Once familiar with column addition, children move on to adding the units first. Click on the image below to see examples of expanded column additions.

The final stage is compact column addition, which is what most parents are probably familiar with. The modern maths way of describing what is happening at each stage of the calculation may be less familiar though.

Suppose you are adding the numbers 259 and 78. First you would add the units, 9 + 8 = 17, write down the 7 as the first part of the answer and *carry ten*. Note that it is ten that is being carried over and not one. Then, when you add the tens column you have 50 + 70 + 10 (that was carried over) = 130. You write the 3 in tens column as the next part of your answer, and carry 100. Lastly, add the hundreds column, 200 + 100 (carried over) = 300, giving you a final answer of 337.

You may be wondering what the point of going through the various other stages and methods is, rather than working on compact column addition straight away. The idea is to work towards compact column addition, making sure that children have a clear understanding of what is happening during the calculation, rather than simply learning how to carry out addition mechanically.

Calculation policies vary from school to school. Your child may use all of the addition methods covered in this post and the previous one, or only some of the methods.

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**Written methods for addition of whole numbers**

Number lines

Number lines can be used to help with addition, either numbered lines or the empty number line. See the previous post for more information about number lines and what they are.

At Key Stage 2, the empty number line is usedto help with addition. Suppose you want to do the addition 8 + 6. Start with an empty number line, mark 8 at the left. 8 + 2 is 10, so mark 10 to the right of the 8, and link them with an arrow. Above the arrow write +2, because you have added 2 to get from 8 to 10. Add 4 to 10, because you want to add 6 altogether and you’ve already added 2, 6 – 2 = 4. 10 + 4 is 14, so mark 14 to the right of 10. Link the 10 and 14 with an arrow, and write + 4 above it. You now have the answer, 8 + 6 = 14. Click on the image below to see an illustration of this and another example.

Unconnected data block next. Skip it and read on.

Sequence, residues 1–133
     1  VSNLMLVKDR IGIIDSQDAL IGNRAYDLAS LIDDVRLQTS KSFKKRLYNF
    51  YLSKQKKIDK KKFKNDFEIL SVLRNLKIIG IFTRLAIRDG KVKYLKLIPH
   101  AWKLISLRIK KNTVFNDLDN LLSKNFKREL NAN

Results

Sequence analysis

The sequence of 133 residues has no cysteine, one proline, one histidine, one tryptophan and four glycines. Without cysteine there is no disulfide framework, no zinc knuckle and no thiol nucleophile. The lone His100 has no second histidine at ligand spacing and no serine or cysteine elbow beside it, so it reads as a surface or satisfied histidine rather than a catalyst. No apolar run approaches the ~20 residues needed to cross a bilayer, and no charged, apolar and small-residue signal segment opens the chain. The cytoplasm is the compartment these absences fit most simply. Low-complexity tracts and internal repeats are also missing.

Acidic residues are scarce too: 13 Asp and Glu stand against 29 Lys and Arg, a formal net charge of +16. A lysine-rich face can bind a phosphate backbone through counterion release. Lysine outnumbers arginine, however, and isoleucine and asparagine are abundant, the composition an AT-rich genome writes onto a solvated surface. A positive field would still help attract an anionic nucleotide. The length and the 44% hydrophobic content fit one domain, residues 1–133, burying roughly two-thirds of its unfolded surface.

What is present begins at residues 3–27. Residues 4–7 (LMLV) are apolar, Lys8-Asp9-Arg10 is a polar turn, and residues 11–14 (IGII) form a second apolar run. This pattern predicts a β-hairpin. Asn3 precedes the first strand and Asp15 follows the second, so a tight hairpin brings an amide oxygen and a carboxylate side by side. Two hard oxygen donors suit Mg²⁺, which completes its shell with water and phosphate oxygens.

Partitioning

The partitioning method breaks addition of two digit or larger numbers down into easier additions. Suppose you want to add two two-digit numbers together. First split each two digit number into tens and units. Add the tens together, add the units together, then add your results to get the final answer. Click on the image above to see examples.

If you learnt to do addition by the more traditional method, using column addition and carrying over where necessary, then partitioning may seem odd. Partitioning can help children to understand what is really going on when they move on to column addition.

]]>**Some Basics**

Place Value – the value of a digit in a number depends on its place value in that number. Understanding place value is vital to understanding numbers and the number system. Modern maths tends to use the term place value, before it might just have been referred to as ‘knowing your hundreds, tens and units’.

Number line – a simple tool for helping with addition, subtraction, multiplication and division. Modern maths tends to use number lines instead of counting up and down on fingers for simple sums. Number lines may look very much like a ruler, with equally spaced segments marked out. An empty number line is just a line, numbers and arrows are added to record the steps in a calculation.

Number bonds – the term for pairs of numbers that add up to a specific number. For example, number bonds to 10 are all the pairs of numbers that add up to 10. You are most likely to come across number bonds to 10, 20 and 100.

Subtraction bonds – similar to number bonds but using subtraction instead of addition. The basic set of subtraction bonds is all the subtraction sums you can make using the numbers from 1 to 10. Sometimes these can all be shown together in a subtraction grid or square – click on th image below to see an example.

In the next post we’ll take a look at addition methods used in modern maths.

]]>**Focus on your target**

Your first step should be to decide upon which grade you are hoping to achieve in your GCSE Maths. If a C grade is realistically the best you are likely to achieve, there is no point wasting time on topics that you only need to know to achieve an A grade. If you are unsure as to which topics you need to learn in order to achieve your target grade, use the links below as a source of reference:

How to get a grade A at GCSE Mathematics

How to get a Grade B at GCSE Maths

How to get a C grade at GCSE Mathematics

Now you can have a look through all the topics that you need to learn and decide on your weakest areas – which you should of course give priority to.

**Making a study plan**